I turned to find shiny black mandibles spread wide, mere inches from my face.
“Oh, hi Trrili.”
She closed up her face. “You arrrre becoming no fun,” she hissed.
“Nonsense, I’m lots of fun,” I said, digging through the box. “Hey, while you’re here, I’ve been meaning to ask Zhee: can you guys actually smell ripe fruit? Since you don’t eat it?” I pulled out a bruised orange and removed a chunk of peel, holding it up for her to sniff.
“It smells like a plant,” Trrili replied. “Somewhat sharp and unpleasant.”
“Huh. I guess that’s the citric acid,” I said, setting it down and digging some more. “You’re missing out; it smells delicious to me. Oh hey, look at this!” I pulled out the stiff paper envelope I’d hidden in the box earlier.
Both of them were watching. So was Zhee from the next table over, but he was doing a good job of pretending he wasn’t.
“These are such a delicacy,” I said, flipping the envelope over but not opening it. The front held a picture of a snake. I waved at Zhee. “Hey, remember those venomous animals I was talking about? The ones with the rattle on their tails? I got some of their eggs!”
“You are welcome to them,” Zhee said.
“I think you guys would probably like these,” I said with a glance up at Trrili. “They’re really pretty; they seem like the kind of thing a Mesmer would appreciate. Here, have a look.” I handed her the envelope while I made a show of digging around some more to see what else was in the jumble of potatoes, beef jerky, and triple-bagged stinky cheese.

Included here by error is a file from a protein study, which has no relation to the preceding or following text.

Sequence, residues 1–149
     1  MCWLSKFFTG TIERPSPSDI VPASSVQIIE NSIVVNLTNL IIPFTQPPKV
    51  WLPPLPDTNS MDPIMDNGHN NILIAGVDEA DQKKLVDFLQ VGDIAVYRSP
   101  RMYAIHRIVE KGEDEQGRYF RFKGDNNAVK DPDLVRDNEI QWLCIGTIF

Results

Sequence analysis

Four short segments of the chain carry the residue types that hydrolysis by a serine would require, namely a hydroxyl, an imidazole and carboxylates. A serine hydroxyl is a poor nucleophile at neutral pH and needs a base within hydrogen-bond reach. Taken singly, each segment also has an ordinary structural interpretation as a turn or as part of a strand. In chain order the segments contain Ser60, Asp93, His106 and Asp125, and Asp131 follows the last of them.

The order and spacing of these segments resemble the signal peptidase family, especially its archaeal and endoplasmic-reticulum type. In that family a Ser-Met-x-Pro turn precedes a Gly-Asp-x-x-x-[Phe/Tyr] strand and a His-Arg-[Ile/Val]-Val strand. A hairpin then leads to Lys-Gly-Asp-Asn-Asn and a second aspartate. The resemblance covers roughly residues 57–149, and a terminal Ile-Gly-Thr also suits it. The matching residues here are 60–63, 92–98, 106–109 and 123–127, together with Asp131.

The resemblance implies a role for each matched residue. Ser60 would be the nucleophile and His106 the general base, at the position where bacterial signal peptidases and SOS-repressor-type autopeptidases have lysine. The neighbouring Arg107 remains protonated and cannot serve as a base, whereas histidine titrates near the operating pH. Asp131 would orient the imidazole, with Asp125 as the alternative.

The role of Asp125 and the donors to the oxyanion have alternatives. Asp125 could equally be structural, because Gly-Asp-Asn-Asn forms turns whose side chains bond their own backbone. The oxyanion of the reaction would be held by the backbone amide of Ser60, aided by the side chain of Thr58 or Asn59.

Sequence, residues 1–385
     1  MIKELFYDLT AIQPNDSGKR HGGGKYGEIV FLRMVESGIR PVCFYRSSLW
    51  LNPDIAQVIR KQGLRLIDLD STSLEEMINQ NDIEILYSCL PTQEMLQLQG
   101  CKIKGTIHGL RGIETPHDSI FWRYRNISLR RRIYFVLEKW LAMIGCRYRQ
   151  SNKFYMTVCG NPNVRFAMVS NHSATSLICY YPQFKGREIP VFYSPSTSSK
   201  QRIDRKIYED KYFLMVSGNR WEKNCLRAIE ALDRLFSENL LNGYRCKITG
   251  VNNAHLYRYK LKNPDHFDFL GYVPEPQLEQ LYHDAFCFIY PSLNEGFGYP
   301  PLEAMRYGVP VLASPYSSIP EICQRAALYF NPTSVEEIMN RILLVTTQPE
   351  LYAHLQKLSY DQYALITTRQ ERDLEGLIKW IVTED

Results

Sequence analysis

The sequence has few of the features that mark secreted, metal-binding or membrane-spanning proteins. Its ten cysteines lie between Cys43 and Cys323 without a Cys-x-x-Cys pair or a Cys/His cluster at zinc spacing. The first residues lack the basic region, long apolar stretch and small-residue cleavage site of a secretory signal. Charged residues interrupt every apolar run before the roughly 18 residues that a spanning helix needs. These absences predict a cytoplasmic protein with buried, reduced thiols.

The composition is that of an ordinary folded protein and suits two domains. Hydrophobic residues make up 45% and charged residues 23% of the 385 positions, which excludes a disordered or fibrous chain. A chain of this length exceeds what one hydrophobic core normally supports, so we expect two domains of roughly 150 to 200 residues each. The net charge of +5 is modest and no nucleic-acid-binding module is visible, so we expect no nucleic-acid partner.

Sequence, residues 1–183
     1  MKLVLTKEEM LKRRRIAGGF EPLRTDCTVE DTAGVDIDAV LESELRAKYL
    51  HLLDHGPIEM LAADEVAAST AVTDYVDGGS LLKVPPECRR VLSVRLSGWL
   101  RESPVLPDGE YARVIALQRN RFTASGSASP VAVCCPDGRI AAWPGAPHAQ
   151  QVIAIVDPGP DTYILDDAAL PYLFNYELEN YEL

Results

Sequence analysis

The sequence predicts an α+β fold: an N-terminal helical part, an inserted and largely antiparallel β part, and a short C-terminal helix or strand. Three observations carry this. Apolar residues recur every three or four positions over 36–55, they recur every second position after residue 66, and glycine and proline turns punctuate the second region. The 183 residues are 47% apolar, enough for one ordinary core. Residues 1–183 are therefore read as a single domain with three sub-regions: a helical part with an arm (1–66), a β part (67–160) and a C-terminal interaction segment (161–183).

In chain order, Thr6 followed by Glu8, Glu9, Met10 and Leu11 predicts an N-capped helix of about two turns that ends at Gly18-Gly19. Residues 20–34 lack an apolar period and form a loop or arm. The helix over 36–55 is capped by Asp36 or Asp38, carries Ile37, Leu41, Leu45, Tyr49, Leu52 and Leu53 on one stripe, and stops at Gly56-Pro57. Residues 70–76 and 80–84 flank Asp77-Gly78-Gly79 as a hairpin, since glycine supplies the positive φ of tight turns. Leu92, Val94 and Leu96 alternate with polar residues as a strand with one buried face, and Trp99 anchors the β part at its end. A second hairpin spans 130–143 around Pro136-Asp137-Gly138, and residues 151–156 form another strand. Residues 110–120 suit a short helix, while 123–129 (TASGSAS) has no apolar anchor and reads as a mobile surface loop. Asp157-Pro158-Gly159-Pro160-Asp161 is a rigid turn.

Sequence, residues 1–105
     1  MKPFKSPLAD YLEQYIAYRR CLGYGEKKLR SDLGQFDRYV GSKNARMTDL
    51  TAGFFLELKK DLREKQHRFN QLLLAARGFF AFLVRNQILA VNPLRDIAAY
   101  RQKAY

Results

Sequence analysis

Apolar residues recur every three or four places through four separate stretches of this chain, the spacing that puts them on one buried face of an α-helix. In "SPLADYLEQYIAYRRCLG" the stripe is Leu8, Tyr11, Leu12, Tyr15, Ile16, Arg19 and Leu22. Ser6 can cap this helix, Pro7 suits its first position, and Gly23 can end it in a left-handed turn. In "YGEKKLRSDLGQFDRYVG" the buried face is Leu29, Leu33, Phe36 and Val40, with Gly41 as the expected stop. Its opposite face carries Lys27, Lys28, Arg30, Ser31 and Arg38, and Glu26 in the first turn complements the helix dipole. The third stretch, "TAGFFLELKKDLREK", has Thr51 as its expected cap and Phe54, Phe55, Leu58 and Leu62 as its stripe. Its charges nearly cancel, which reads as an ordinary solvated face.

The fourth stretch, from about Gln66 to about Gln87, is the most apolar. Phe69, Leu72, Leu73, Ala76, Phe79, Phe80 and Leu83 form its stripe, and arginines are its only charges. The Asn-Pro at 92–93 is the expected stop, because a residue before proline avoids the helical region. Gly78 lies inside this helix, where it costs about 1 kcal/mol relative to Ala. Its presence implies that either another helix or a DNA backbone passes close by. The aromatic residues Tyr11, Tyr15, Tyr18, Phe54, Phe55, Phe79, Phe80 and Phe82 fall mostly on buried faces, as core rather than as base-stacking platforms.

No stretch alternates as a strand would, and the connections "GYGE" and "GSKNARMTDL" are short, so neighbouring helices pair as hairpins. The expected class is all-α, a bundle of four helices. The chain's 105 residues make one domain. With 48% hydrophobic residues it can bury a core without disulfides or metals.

Trrili took the envelope, gentle with those little wrist fingers that let her manipulate things with pincher arms. I deliberately didn’t watch, instead keeping my eyes on Paint, who was opening her mouth to ask a question.
When I heard the loud rattle, I whipped my head up in time to see Trrili toss the envelope away and flare her pinchers in a hissing threat display that was every bit as dramatic as I’d imagined.
Zhee laughed the hardest I’d ever heard him.
“It’s okay,” I said, grinning to split my face as I picked up the envelope from the floor. Other people were asking questions, though Zhee’s obvious amusement kept them from getting too worried. “It’s not real.”
While Trrili hissed quietly, I upended the envelope over my hand. The contraption that fell out was the most low-tech of pranks: a bent wire, a rubber band, and a metal washer that had rattled against the paper when the envelope was opened, releasing pressure. I’d wound it up just before leaving my quarters. And it had worked beautifully.
“What is that?” Paint asked, still leaning away from the table.
“Karma,” I said, holding it up and spinning the washer, still grinning. “What do you think, Trrili? Mesmer approved?”
Trrili folded her arms tight against her body and angled her antennae into a fierce glare. She left without a word, stomping instead of moving silently.
Zhee was still chuckling. “Mesmer approved,” he declared. “That was excellent.”
“Oh good,” I said.
Paint settled gingerly back into her seat. “Where are the eggs?” she asked.
“There aren’t any,” I said, tucking the gadget away and picking up the orange again to resume peeling. “Rattlesnakes don’t even lay eggs; they have live birth.”
“Oh,” Paint said.
“But Trrili didn’t know that.” I separated a slice of orange and popped it into my mouth. “Think she’ll lay off the startling?”
“Hm. Probably not; she really likes it.”
“Then I may just have to come up with a few more surprises for her,” I said, smiling with all of my human teeth. “My people have an entire industry for things like this, and I have a childhood full of ideas.”
Further adventures in backstory for this book. More to come!